I think it would be something that, if teachers were able to manage it in the classroom situation, it would be a great thing.
Peter Barnes: If they can't, perhaps parents should be seeking some sort of continuous, periodic training throughout primary and secondary school for their students. Because, if I look at what's been going on-
Dr. Ford: I'm sorry, I was just laughing for a minute, cause I was thinking, perhaps the parents need to be trained.
Peter Barnes: Well, quite possibly, they do. A lot of them are probably very scared of ...
The way workplaces have changed and are changing with the impact of technology and cultural changes and so forth, means now that it's much more important to be able to communicate with team members, working in teams coming from different disciplines, like accounting people working with marketing people and so forth. That's across all organizations. I understand you've been doing quite a bit of that work with PhD students and post-docs to teach them how to communicate with people from different disciplines?
The 3 Minute Thesis Competition
Dr. Ford: Yes, because often, that was one of the wonderful things about my job, particularly ...Though, you may or may not have heard of the Three Minute Thesis competition, but the Three Minute Thesis competition was invented by the University of Queensland. It was actually invented during water restrictions, when they were only allowed to have three minute showers, and so a professor had this brilliant idea that three minutes, yes, that's long enough to be able to communicate the ideas that are important in your PhD.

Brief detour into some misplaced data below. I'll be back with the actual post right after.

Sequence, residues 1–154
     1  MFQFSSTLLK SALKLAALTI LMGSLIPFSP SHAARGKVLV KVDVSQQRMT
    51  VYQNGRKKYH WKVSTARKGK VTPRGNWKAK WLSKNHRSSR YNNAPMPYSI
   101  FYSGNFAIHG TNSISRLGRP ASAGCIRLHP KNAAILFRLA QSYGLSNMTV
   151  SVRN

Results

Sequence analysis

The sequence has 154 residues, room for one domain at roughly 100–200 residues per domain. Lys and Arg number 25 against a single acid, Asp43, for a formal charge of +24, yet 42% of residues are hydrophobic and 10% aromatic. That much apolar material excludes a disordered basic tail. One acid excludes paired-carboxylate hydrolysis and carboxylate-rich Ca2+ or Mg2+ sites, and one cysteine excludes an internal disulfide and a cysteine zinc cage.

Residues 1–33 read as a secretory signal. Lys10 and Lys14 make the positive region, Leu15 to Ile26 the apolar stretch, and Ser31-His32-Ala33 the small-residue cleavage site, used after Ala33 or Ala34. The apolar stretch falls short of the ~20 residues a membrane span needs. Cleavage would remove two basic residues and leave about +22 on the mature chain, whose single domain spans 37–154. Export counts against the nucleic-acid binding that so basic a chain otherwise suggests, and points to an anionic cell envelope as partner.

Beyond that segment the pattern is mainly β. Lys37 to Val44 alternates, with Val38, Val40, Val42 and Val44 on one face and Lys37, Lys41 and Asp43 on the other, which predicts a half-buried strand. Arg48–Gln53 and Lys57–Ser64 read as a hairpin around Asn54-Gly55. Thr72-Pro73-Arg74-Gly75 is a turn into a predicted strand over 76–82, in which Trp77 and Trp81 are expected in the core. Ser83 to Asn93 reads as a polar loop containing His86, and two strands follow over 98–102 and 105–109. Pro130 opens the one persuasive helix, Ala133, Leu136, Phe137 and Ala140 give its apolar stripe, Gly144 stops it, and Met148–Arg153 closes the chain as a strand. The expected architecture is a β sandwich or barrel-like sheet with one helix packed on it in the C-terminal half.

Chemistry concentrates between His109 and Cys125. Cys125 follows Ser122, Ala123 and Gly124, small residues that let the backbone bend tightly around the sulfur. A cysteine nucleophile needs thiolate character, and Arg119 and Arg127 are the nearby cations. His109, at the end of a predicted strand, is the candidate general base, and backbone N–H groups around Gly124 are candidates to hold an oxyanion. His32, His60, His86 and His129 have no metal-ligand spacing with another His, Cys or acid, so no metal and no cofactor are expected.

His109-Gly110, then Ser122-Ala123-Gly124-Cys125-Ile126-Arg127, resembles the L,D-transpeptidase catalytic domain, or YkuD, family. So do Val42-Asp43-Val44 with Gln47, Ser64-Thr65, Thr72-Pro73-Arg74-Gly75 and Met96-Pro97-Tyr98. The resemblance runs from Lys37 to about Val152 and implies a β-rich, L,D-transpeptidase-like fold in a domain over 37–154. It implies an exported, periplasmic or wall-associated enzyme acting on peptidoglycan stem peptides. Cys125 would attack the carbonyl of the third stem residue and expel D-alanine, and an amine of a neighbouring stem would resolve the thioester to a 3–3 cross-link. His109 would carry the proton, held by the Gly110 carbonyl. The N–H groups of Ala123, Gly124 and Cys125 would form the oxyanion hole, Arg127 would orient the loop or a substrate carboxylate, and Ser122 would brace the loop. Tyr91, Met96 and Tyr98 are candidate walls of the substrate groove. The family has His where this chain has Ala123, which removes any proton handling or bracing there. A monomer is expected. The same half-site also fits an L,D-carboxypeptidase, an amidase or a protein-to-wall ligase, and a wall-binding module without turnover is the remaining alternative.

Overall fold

So, this person put this forward and they invented this competition, which has now become a worldwide competition. I think the Australasian version is still the latest and greatest, but it's now at least undertaken in America, in England, in the Europe, wherever. This says that you need to be able to convey the important elements of your work in three minutes. It's a little bit like the marketing elevator pitch that people often talk about, but it's ... of course, it lacks any detail, but anyhow.
I used to teach this, and in my classes, I would have everybody. I would have people who were studying English literature, history, politics, mathematics, physics, space, whatever. You had this whole world of people from different backgrounds, and that made it fantastic, because they had to be able to talk to one another, and everyone had to be able to understand.
Now, what was funny was that usually, in somebody's first version, I tried to get them to start off by listening with me, as a class, to a whole lot of examples that were on YouTube, and then we would discuss how they went. What were the good points? What were the bad points? Did they get their message across? The whole gambit of things that they might discuss. That was very useful.